Alan Steel said, "It's probably not a bad idea to nibble away at one or two technology funds if you haven't already done so."
Headline writers have become fed up writing about Bird Flu and SARS, oil shocks are old hat and it's too early for the hurricane season so their latest big fear for investors is that old misery - inflation. You know the script. Inflation fears means the Bank has to push up interest rates. In the US the Fed keeps rates on hold because of inflation fears. Just like they did back in 1994 for those with good memories.
You won't be surprised to learn some experts suggest Baby Boom Demographics were a major cause of inflation through the '70s and the '80s, and probably the main reason why inflation is benign right now. There's also downward pressures on prices from increases in global competition. But few talk about advances in technology as being a major reason why inflation is under control, and likely to continue being so for some time to come.
Those who know me well will find it surprising I'm attempting a piece about technology. Being naturally technologically dyslexic, I've long had a problem working out how electricity works. But in our research I came across a fascinating piece by Dave Turek who's in charge of supercomputer development for IBM.
Turek reminds us it's only ten years since a supercomputer managed to beat a world chess champion for the first time. Yes, ten years ago on 11 May a supercomputer called Deep Blue became the first machine to defeat a reigning world champion chess master under tournament rules. The eight day, six game match with Gary Kasparov drew the world's attention. But things have changed so much in the last ten years that today Microsoft's X Box 360 game console is actually more powerful than Deep Blue.
Funnily enough, Deep Blue wasn't the fastest computer in the world in 1997 (it was 388th) but it had 32 processors that could handle 11 billion calculations a second. Now, 4 processor generations later, Blue Gene, today's fastest computer, uses 131,000 processors to handle 280 trillion operations every second!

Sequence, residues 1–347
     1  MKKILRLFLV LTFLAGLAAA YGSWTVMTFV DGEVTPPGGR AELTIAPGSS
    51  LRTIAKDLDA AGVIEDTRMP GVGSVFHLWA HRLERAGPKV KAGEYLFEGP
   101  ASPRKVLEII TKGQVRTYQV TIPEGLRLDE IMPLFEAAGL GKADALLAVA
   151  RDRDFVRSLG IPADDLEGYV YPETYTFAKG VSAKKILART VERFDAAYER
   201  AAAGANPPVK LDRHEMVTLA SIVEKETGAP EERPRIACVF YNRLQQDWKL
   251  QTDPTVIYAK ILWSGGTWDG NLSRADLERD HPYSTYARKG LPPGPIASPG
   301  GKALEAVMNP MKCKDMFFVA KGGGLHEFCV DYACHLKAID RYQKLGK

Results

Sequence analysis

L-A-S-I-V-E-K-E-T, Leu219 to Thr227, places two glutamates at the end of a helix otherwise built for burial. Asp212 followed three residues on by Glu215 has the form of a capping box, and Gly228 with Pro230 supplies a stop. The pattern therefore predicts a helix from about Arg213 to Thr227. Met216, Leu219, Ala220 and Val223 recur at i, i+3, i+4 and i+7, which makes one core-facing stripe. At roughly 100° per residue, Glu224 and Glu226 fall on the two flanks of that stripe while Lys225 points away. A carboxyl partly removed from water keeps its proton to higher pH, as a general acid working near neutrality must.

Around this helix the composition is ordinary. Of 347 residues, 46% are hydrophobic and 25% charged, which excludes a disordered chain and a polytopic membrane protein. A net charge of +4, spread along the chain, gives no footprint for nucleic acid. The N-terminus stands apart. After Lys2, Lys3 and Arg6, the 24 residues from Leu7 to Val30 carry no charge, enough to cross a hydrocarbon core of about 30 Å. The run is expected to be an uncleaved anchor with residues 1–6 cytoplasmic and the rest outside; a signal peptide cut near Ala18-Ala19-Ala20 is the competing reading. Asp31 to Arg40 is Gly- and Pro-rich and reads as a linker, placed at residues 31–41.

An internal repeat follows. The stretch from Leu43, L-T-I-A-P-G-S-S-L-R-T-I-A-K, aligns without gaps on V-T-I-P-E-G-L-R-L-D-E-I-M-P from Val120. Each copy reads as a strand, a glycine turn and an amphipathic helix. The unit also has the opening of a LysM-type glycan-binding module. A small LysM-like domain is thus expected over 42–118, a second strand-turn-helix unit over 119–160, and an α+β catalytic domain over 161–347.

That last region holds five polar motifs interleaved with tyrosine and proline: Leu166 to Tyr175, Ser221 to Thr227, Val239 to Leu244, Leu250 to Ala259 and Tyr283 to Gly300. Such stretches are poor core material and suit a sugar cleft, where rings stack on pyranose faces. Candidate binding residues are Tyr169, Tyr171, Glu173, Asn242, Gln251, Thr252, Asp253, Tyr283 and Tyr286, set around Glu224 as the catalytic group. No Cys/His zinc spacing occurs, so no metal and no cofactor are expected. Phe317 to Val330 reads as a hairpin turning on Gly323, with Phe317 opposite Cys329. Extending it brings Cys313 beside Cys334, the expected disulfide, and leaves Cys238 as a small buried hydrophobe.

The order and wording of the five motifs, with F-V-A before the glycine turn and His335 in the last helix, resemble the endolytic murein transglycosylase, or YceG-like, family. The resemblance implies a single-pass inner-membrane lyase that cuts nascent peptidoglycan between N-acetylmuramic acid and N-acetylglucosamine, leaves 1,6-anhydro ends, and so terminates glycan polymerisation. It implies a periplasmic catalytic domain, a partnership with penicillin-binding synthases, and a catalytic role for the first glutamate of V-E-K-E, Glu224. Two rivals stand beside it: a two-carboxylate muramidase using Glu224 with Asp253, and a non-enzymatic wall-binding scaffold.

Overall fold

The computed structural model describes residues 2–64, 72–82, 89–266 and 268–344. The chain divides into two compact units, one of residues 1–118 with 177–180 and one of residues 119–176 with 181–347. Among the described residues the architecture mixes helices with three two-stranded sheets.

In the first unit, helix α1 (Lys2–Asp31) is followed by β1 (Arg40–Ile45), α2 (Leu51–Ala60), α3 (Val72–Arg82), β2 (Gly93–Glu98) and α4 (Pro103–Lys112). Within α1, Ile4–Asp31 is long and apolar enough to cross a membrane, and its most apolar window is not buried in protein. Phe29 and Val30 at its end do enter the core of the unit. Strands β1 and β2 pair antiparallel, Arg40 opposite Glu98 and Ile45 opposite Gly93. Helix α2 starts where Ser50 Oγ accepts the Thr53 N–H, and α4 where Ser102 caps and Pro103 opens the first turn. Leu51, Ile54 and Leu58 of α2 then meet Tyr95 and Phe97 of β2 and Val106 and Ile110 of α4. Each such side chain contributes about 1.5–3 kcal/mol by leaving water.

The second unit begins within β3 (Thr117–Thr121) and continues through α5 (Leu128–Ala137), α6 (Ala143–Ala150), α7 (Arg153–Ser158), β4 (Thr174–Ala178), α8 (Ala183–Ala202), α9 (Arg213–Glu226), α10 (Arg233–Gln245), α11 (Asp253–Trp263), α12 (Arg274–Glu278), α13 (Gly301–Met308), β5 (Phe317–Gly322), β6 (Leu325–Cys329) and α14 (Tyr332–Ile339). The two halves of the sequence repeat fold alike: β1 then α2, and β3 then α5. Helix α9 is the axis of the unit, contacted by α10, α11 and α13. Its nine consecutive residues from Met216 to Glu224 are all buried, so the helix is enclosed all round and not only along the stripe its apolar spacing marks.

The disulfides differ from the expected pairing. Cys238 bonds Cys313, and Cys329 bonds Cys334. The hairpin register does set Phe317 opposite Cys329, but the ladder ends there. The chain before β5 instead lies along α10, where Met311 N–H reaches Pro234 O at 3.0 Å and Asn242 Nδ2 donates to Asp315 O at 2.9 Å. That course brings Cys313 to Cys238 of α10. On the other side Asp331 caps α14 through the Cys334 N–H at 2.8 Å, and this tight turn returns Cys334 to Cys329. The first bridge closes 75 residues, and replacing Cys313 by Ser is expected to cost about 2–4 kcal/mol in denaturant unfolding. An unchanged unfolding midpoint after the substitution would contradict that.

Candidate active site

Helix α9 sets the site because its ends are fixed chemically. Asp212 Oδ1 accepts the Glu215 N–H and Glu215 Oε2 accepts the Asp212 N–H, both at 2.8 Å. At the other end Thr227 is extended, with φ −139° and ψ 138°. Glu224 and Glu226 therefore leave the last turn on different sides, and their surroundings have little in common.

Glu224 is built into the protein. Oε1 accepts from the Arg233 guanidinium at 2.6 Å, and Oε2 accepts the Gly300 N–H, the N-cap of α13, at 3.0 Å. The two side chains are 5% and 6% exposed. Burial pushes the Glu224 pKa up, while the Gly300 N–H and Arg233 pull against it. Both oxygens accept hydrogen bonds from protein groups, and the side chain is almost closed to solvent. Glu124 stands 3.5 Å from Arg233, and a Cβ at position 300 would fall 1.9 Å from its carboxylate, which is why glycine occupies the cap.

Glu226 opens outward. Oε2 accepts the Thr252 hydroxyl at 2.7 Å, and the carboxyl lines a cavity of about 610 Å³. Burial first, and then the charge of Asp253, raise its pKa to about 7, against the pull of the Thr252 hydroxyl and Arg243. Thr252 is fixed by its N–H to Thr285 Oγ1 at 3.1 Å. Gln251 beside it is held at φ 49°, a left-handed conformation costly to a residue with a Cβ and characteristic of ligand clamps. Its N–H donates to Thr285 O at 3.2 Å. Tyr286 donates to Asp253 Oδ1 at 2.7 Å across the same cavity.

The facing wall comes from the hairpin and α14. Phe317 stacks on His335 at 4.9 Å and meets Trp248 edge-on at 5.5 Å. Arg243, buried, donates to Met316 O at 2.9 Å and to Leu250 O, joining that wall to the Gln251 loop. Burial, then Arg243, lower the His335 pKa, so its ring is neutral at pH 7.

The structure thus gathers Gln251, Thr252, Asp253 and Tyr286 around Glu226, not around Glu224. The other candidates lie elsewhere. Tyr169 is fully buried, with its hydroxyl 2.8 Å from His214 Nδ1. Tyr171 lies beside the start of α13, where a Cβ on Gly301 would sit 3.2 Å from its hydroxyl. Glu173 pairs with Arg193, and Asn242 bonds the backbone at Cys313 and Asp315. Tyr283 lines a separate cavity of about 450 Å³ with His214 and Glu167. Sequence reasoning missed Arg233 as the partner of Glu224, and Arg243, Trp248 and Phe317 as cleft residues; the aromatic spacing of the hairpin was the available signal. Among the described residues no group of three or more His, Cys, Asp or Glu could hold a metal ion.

The biggest advance however isn't the technology in itself. A decade after Deep Blue, the business world is embracing commercial supercomputing. And that means the real revolution is still to come.
Supercomputing has moved rapidly away from its traditional place in academic and Government research to tackle commercial applications. Of the top 500 supercomputers in 1997, less than a third were employed in business. Today, more than half sit in commercial enterprises.
It seems two essential economic forces are propelling the movement. The first is the ever increasing expense of building and testing physical prototype designs for everything from nappies to cars. The second is the rapidly decreasing cost of modelling and testing a virtual product on a supercomputer.
Ten years ago the price for the capability of processing one million operations per second was roughly £25. At that rate, Deep Blue's 11 billion calculations cost about £275,000 a second to win a chess game. Today, one million operations per second cost less than 5p. It seems as a general rule supercomputer power increases, and prices fall, about 40% each year. The fastest supercomputer in the world in 1997, a multi million pound capital expenditure, is today's £100,000 starter kit.
Even Proctor & Gamble has made use of supercomputers to make nappies more eco-friendly and absorbent and to tweak the design of Pringles so they can fly more efficiently through a production line. Use of supercomputers in the old days would be found in the province of aerospace engineers.
The energy industry is increasing use of supercomputers in terms of modelling of oil and gas reserves and given the estimated cost of drilling a single well in deep water approaches £17 - £18 million, we can expect this progress to continue. And as prices continue to fall and user ability improves, even smaller companies will be able to tap the increased efficiency made possible by supercomputers.
The last silicon revolution saw personal computers invade the office, and automation take over factory floors. From the late '70s to 2004, in the US manufacturing output doubled in real terms. While productivity increased 53%, manufacturing productivity rose over 100%. It was thanks to computers at the time. Now it seems we're about to see a far more potent business revolution powered by supercomputers. In this new silicon development it really is chips with everything.
There's more good news. We'll continue to see low inflation, increased globalisation, increased productivity, increased profits, and very likely, increased returns from world stockmarkets. Indeed, one of the most hated investment areas of recent times, quite understandably, is the technology sector. So it's probably not a bad idea to nibble away at one or two technology funds if you haven't already done so.
This letter is the personal view of Alan Steel. Please check the appropriateness to your individual position with your adviser before taking or refraining from any action.